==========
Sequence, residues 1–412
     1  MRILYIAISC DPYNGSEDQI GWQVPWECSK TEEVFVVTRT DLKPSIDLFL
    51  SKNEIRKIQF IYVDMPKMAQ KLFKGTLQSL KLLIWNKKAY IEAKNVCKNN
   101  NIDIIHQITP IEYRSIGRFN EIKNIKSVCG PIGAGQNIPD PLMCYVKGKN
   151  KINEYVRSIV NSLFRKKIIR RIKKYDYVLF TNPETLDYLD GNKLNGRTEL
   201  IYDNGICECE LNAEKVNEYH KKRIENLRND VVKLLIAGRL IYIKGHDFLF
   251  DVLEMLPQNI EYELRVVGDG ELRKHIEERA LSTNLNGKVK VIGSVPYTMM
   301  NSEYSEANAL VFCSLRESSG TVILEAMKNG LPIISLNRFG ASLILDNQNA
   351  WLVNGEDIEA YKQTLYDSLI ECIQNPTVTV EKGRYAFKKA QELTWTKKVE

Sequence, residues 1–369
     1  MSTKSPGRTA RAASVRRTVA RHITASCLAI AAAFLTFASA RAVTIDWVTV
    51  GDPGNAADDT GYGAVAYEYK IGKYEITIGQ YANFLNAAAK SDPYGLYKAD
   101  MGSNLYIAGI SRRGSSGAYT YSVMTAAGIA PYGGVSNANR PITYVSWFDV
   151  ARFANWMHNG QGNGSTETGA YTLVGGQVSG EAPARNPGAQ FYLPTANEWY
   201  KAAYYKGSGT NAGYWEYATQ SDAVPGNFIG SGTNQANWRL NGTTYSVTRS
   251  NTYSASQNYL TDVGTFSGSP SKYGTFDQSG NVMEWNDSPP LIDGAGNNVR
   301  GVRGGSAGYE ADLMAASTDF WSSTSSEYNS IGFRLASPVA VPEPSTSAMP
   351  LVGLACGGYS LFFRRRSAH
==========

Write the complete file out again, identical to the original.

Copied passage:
Sequence, residues 1–412
     1  MRILYIAISC DPYNGSEDQI GWQVPWECSK TEEVFVVTRT DLKPSIDLFL
    51  SKNEIRKIQF IYVDMPKMAQ KLFKGTLQSL KLLIWNKKAY IEAKNVCKNN
   101  NIDIIHQITP IEYRSIGRFN EIKNIKSVCG PIGAGQNIPD PLMCYVKGKN
   151  KINEYVRSIV NSLFRKKIIR RIKKYDYVLF TNPETLDYLD GNKLNGRTEL
   201  IYDNGICECE LNAEKVNEYH KKRIENLRND VVKLLIAGRL IYIKGHDFLF
   251  DVLEMLPQNI EYELRVVGDG ELRKHIEERA LSTNLNGKVK VIGSVPYTMM
   301  NSEYSEANAL VFCSLRESSG TVILEAMKNG LPIISLNRFG ASLILDNQNA
   351  WLVNGEDIEA YKQTLYDSLI ECIQNPTVTV EKGRYAFKKA QELTWTKKVE

Sequence, residues 1–369
     1  MSTKSPGRTA RAASVRRTVA RHITASCLAI AAAFLTFASA RAVTIDWVTV
    51  GDPGNAADDT GYGAVAYEYK IGKYEITIGQ YANFLNAAAK SDPYGLYKAD
   101  MGSNLYIAGI SRRGSSGAYT YSVMTAAGIA PYGGVSNANR PITYVSWFDV
   151  ARFANWMHNG QGNGSTETGA YTLVGGQVSG EAPARNPGAQ FYLPTANEWY
   201  KAAYYKGSGT NAGYWEYATQ SDAVPGNFIG SGTNQANWRL NGTTYSVTRS
   251  NTYSASQNYL TDVGTFSGSP SKYGTFDQSG NVMEWNDSPP LIDGAGNNVR
   301  GVRGGSAGYE ADLMAASTDF WSSTSSEYNS IGFRLASPVA VPEPSTSAMP
   351  LVGLACGGYS LFFRRRSAH